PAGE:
Forget the lions and tigers and bears, oh my. The latest wolf in sheep’s clothing isn’t anything that cuddly. The threat isn’t even cougars — neither the four-legged nor two-legged variety. Instead, the modern menace is snakes and pigeons and all sorts of critters that cement the idea that it’s a zoo out there.
Let’s start with snakes. Police departments on both sides of the Bay, including right here in San Mateo County, report that criminals are using snake stories to slither their way into homes and make away with valuables. No wonder folks are rattled.
With the amount of publicity shined on this scam one would think these guys would shed this ruse in favor of a fresher sounding tale. Locusts? Geckos, even? But apparently snakes are where it’s at because the cases keep mounting.
First thought — we need Samuel L. Jackson. Looking at what the man accomplished on a plane, chances are he can certainly regulate on the ground.
Second thought — no, we don’t need fictional enforcers, just a little common sense.
Somebody comes to the door, even wearing a khaki ensemble resembling an official uniform or polo shirt bearing a city logo, claiming they need to install snake traps and would you be so kind as to come outside and see? The correct answer is an emphatic, No. While the occupant is outside with the alleged snake charmer, another lawbreaker sneaks in and does a little looting. In the same scenario, the correct action is calling the police. These rats aren’t monkeying around.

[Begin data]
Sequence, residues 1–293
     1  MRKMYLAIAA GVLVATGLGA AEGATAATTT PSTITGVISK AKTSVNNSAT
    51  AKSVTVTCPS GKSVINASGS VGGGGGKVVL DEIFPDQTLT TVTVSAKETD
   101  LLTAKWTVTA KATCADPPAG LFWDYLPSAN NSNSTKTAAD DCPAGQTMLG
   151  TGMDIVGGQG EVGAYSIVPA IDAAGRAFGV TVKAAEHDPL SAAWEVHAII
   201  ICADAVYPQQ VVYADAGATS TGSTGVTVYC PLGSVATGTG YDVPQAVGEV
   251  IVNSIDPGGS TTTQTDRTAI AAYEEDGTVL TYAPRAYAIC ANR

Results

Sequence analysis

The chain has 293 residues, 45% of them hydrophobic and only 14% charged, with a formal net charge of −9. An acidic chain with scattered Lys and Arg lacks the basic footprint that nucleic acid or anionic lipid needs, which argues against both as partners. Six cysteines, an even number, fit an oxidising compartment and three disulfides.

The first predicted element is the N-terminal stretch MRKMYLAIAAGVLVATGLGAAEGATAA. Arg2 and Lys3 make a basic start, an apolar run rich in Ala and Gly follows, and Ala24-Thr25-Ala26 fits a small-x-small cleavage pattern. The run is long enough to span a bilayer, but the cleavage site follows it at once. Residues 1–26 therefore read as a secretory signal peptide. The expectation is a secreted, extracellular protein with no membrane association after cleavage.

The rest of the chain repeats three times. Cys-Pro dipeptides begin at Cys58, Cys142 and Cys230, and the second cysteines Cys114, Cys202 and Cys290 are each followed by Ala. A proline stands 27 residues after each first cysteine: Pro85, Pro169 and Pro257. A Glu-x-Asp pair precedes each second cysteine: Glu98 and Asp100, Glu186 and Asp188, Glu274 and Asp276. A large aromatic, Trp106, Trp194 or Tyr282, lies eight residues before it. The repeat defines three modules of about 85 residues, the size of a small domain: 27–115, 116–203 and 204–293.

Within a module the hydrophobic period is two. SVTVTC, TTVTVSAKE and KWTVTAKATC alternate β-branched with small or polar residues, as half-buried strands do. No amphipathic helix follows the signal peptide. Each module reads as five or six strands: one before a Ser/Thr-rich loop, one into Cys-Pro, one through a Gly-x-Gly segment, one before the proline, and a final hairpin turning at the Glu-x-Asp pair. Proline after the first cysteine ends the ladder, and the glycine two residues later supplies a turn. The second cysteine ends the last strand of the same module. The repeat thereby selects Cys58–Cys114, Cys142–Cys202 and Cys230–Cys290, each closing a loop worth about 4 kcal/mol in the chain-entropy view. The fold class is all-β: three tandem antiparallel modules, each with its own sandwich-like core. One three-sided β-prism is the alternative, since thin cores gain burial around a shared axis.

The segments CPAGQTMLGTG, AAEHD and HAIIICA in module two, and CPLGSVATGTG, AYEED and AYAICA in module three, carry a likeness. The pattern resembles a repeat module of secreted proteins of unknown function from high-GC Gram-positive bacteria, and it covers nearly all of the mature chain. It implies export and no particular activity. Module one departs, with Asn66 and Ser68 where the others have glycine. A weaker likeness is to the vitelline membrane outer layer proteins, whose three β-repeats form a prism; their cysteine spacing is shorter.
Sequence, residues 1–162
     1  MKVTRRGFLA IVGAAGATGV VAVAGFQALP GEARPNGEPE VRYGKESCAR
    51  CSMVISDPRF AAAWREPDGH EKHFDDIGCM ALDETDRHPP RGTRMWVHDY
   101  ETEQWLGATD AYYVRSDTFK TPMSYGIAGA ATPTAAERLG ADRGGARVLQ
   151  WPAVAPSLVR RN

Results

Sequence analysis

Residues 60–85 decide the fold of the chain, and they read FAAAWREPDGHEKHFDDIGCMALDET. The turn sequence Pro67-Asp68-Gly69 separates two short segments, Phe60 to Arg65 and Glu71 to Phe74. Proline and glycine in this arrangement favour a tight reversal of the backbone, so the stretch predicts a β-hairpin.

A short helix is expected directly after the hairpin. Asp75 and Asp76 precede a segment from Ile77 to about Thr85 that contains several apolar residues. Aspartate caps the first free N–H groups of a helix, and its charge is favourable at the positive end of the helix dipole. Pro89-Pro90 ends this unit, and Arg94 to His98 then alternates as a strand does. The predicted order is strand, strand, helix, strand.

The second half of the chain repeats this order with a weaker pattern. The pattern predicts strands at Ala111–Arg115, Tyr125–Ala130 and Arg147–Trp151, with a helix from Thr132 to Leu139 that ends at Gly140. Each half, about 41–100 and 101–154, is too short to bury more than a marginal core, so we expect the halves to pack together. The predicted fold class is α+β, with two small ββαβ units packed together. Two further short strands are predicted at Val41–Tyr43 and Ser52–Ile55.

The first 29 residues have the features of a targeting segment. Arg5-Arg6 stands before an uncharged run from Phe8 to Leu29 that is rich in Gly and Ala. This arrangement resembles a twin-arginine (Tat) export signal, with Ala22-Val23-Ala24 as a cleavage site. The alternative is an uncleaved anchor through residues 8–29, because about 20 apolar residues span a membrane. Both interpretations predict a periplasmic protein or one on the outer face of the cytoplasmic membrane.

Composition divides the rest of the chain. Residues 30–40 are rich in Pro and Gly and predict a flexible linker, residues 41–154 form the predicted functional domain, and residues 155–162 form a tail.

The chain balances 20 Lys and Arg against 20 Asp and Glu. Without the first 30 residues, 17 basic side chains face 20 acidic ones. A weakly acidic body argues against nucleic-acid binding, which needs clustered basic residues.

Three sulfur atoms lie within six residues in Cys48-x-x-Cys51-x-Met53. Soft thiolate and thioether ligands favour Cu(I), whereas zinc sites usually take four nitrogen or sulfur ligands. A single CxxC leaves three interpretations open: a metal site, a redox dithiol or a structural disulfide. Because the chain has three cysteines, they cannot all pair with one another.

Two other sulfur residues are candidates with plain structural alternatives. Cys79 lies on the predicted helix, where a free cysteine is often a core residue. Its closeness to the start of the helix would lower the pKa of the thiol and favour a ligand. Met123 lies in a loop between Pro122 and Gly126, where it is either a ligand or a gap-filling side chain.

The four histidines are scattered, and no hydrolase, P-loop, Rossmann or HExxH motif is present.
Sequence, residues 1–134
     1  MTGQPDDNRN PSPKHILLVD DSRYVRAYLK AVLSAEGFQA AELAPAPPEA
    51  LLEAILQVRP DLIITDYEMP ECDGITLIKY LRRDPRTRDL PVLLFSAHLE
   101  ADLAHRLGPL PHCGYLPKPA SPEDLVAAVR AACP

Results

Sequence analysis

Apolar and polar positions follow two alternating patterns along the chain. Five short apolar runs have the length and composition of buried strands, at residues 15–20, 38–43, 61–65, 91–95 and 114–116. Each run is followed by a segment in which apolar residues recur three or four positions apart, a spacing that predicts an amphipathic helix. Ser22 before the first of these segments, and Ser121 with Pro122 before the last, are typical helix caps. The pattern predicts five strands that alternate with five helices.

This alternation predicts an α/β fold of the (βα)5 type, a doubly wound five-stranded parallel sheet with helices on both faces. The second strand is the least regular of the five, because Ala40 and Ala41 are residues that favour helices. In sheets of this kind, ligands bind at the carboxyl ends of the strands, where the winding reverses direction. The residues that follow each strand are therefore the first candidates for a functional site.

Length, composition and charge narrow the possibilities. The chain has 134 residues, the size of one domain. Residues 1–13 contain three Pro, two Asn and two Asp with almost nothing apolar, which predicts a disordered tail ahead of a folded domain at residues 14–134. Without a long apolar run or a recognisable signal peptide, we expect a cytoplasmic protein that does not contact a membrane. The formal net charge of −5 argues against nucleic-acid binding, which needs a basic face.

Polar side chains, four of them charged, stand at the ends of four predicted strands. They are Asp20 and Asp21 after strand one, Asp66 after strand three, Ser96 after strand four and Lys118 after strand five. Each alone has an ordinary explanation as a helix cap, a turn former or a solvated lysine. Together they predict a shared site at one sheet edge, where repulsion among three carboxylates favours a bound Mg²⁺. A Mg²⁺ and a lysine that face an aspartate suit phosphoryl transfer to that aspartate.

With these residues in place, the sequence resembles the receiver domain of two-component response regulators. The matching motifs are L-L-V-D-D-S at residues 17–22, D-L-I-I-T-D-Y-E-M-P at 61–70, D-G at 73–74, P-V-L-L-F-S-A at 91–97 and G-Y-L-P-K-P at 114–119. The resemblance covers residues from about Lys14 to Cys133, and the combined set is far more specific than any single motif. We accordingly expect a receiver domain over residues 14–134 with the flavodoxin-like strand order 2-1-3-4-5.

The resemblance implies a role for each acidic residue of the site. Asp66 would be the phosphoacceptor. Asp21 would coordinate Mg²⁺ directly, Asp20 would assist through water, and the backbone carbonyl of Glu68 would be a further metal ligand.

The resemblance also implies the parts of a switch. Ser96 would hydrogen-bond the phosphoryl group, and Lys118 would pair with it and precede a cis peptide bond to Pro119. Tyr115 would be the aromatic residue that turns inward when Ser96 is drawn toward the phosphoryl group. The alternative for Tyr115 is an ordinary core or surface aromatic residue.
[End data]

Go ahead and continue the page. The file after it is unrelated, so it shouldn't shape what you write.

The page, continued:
Neither are those guys who somehow manage to sell a whale of a tale to individuals — often older but not necessary so — to part them from their money. The pigeon drop scam, as it is called, goes something like this. A suspect or two approach the victim with wild stories like needing to cash a hefty winning lottery ticket or — as in this recent gem from South San Francisco — a fishy claim that he is from South Africa and needing to distribute $80,000 to churches as part of his father’s will. The suspect asked the 69-year-old victim for help because he was returning to South Africa and also asked the same of another seemingly random man who later turned out to be an accomplice. The victim and accomplice were asked to provide the suspect $7,000 as a good faith gesture but promised $10,000 for the help. The victim withdrew $3,000 in cash and gave it to the crook.
But wait, it gets better.
The suspect told the victim as an extra sign of trust he needed to drive around the block while he and the accomplice waited. When the guy got back, the men and the money were gone. Go figure.
Chances the suspects turn into jailbirds any time soon are slim short of a stool pigeon helping collar the culprits. But nobody likes being a rat even if it might get them out of the doghouse themselves.
Prevention is then obviously more realistic than the cure. These scams might sound harebrained but that’s not the problem. The problem is that people actually fall for them.
So wise up, squint your eyes until they’re beady, embrace a little more cynicism and realize there is no widespread snake invasion and no South African beneficiaries looking to spread the wealth in a grocery store parking lot. If it sounds too good to be true, it is. Oh, and proving trust and honesty usually doesn’t involve circling the block.
If this sounds too harsh, feel free to carry on as usual. Just don’t be surprised when your goose is cooked.
Michelle Durand’s column “Off the Beat” runs every Tuesday and Thursday. She can be reached by email: firstname.lastname@example.org or by phone (650) 344-5200 ext. 102. What do you think of this column? Send a letter to the editor: email@example.com.